summation of forces on corresponding arms. 4.0.16 mobfcc1.m, mobfcc0.m,

mobfcc1.m A dislocation's response to forces may also depends on the line

orientation and varies significantly from one material to another. Similar to the

core energy, how dislocation respond to forces is a function of the non-linear

atomistic interactions in the dislocation core and, as such, is beyond the scope of

linear elasticity theory. The response functions have to be imported into the line

DD model in the form of external materials input, either from atomistic

simulations or from experiments A series of mobility functions are included in the

distribution named mobbcc0 mobbcc0b and mobfcc1. mobbcc0 and mobbcc0b are

intended to simulate bcc behavior in which the the screw dislocations are able to

glide in any plane normal to their Burgers vector. The difference between them is

slight and appears in the mobility of dislocations of mixed character. mobfcc1 is

intended to simulate fcc behavior in which the screw dislocation are not able to

cross-slip. The mobility function is chosen in the input deck with the mobility input

parameter.

4.0.17 separation.m For numerical and physical reasons, line-DD simulations need

to handle topological changes, i.e. changes on the connectivity between nodes

since we may want to adjust the number of nodes that represent a dislocation line

if the line gets longer or shorter during the simulation, or when two dislocation

lines meet in space, they may either annihilate or zip together to form a junction,

which also results in a change of nodal topology. Thus many types of topological

changes can be encountered in a line-DD simulation. Fortunately, since we use a

nodal representation here, all topological changes can be implemented through

two basic operators: split (one node split into two ) and merge (two nodes merge

into one) (See next section) and . The implementation of these two operators is

straightforward - all one needs to do is to make sure that at the end of the

operation the Burgers vector sum rule at every node and segment is still satisfied,

moreover, two nodes are either disconnected or connected only once, and each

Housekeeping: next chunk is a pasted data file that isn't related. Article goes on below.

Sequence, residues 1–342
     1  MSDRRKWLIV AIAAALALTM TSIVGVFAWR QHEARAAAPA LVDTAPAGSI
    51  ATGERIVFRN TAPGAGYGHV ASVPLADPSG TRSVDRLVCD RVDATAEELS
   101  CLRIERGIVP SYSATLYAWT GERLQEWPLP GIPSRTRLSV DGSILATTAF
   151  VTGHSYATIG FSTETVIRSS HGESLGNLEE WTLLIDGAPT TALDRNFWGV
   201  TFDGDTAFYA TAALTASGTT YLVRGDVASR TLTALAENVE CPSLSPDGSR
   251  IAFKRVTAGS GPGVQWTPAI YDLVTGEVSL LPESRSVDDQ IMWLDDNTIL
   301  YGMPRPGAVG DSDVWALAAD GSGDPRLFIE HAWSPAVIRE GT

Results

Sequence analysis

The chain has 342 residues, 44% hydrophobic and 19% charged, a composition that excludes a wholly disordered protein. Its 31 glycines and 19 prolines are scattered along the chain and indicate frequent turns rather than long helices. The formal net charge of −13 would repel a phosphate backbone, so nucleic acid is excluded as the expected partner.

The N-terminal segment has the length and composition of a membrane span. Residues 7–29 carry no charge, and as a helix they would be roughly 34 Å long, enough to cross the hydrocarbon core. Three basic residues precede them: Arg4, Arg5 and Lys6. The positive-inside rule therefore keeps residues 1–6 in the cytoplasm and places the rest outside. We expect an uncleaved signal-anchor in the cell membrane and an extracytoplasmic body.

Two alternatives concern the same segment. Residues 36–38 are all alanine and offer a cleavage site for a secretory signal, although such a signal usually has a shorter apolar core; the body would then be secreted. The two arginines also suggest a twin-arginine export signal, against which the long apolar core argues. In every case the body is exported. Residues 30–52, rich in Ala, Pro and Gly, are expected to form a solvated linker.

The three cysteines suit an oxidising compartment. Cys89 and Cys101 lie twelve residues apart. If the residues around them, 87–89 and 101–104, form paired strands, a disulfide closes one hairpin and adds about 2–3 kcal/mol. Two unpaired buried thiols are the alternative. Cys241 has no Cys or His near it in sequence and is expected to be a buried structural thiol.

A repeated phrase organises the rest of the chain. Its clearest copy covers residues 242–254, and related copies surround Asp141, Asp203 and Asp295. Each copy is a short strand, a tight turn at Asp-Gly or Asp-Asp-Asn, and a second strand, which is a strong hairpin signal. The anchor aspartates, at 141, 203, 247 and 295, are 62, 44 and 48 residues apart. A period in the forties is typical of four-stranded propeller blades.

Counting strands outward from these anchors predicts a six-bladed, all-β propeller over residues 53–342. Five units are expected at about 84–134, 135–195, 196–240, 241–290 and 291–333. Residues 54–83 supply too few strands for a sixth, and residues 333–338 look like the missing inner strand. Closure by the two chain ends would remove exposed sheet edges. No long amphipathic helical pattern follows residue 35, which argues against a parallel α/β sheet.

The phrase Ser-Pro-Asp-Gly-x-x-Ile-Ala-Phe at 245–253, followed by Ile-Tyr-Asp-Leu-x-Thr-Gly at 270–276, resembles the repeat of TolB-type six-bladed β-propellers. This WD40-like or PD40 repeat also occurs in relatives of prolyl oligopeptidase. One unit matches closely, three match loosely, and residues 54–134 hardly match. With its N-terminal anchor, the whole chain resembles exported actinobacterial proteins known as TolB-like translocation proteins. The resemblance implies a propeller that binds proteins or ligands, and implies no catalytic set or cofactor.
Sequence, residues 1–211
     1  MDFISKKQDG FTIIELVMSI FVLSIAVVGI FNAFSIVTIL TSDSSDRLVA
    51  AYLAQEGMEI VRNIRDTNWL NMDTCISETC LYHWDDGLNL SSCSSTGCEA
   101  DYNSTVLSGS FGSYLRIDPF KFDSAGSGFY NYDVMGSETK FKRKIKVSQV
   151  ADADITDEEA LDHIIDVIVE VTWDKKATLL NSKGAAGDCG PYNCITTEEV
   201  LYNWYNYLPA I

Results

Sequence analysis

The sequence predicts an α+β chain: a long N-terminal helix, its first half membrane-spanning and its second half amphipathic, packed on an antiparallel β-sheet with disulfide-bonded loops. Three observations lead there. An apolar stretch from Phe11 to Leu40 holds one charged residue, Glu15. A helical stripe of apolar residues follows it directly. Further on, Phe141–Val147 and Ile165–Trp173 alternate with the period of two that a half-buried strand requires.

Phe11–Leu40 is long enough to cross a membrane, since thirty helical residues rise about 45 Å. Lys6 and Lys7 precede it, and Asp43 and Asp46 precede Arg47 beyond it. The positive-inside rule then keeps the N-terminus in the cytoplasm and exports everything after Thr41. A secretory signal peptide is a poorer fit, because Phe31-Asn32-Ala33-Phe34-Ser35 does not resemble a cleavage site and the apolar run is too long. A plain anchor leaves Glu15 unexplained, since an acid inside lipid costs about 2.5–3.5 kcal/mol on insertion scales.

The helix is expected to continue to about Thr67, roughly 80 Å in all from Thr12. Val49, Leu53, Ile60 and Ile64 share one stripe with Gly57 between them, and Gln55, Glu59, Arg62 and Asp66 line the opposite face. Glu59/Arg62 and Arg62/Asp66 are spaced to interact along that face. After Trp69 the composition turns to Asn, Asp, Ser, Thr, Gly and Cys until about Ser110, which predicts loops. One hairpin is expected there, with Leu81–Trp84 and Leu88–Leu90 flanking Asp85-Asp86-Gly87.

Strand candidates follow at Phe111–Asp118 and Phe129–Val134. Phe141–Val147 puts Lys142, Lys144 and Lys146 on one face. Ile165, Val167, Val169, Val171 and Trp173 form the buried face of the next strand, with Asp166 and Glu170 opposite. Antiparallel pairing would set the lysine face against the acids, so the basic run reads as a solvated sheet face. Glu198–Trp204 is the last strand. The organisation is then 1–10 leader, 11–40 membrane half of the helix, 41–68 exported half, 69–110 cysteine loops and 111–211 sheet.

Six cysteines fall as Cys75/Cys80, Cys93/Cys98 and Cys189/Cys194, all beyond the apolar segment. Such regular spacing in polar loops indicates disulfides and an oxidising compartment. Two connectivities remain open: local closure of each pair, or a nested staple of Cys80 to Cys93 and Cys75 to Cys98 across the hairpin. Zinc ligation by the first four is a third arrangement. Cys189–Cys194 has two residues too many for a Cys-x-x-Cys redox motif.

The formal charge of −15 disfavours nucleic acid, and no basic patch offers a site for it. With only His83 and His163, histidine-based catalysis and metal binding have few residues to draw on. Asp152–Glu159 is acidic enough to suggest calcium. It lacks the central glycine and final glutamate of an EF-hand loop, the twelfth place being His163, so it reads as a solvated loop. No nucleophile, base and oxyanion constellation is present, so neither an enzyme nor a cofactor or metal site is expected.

node is connected with at least two other nodes, if a node has no segment, it will

be deleted. For example, for a 4-arm node such as P in there are 3 different ways

to partition its arms: (12)(34), (13)(24) and (14)(23). It is reasonable to expect that

the way nature would choose should be the one that gives rise to the maximum

energy dissipation rate, which is defined below. Suppose an n-arm mode i stays

intact (not splitting) and it feels a force fi and will move at velocity vi . Then the

local energy dissipation rate is, Wi = fivi. Now suppose that node i splits into two

nodes P and Q, such that node P retains 1, ... ,s of the original neighbors, and

node Q retains the remaining neighbors. Let fP and fQ be the forces on the two

nodes and vP and vQ be their velocities given by the mobility function. Then the

local energy dissipation rate is, WPQ = fPvP + fQvQ.

If WPQ > Wi, then node i prefers to split into two nodes P and Q instead

of moving

as a single node. The energy dissipation rate can be computed for all possible

(topological distince) modes to split i. The mode with the highest energy

dissipation rate is preferred. If a node will split in next step, the two new nodes

actually stay at the same location as the parent node at the current step. Because

the velocities of the two nodes is different (otherwise the node should not split),

the two nodes will be move away from each other in the next time step.

collision.m

remesh.m

The unit system of DDLab input file should be self-consistent. We recommend to

input all variables in S.I. units.

For instance, stresses in Pascal, distances in meter, times in seconds and velocities

in m/s.

The mobility law is such that

with b in meter, in Pascal, and v in m/s. That makes the mobility parameter M in

Pa 1s 1.

We often use the drag coefficient B = M 1 in the mobility law. The unit of B is

As another option, we can change the unit for distance (including both nodal

positions and Burgers vectors) to nm, whereas the unit for stress is still Pa, the

unit of time is still second, and the unit for mobility is still Pa 1s 1.

Introduction

Frank-Read source is a type of dislocation multiplication mechanism. Consider a

segment whose ends are pinned (corresponding to nodes in a network,

precipitates, or sites where the dislocation leaves the glide plane). Under a certain

applied stress the segment bows out by glide. As bow-out proceeds, the radius of

curvature of the line decreases and the line-tension forces tending to restore the

line to a straight configuration increase. For stress less than a critical value, a

metastable equilibrium configuration is attained, in which the line-tension force

balances that caused by the applied stress. For the large bow-out case, following

equilibrium condition holds:

(Hirth-Lothe, p. 752)

where r is the radius of the loop. The radius of the curvature is a minimum when r

= L / 2. Hence the maximum stress for which local equilibrium is possible is given

by the equation above with r = L / 2. For the typical case that L = 103 and = 0.33,

the critical stress for a dislocation initially pure edge and pure screw, respectively,

is * = 0.5b / L and * = 1.5b / L.

When the net local resolved shear stress( the applied stress plus the internal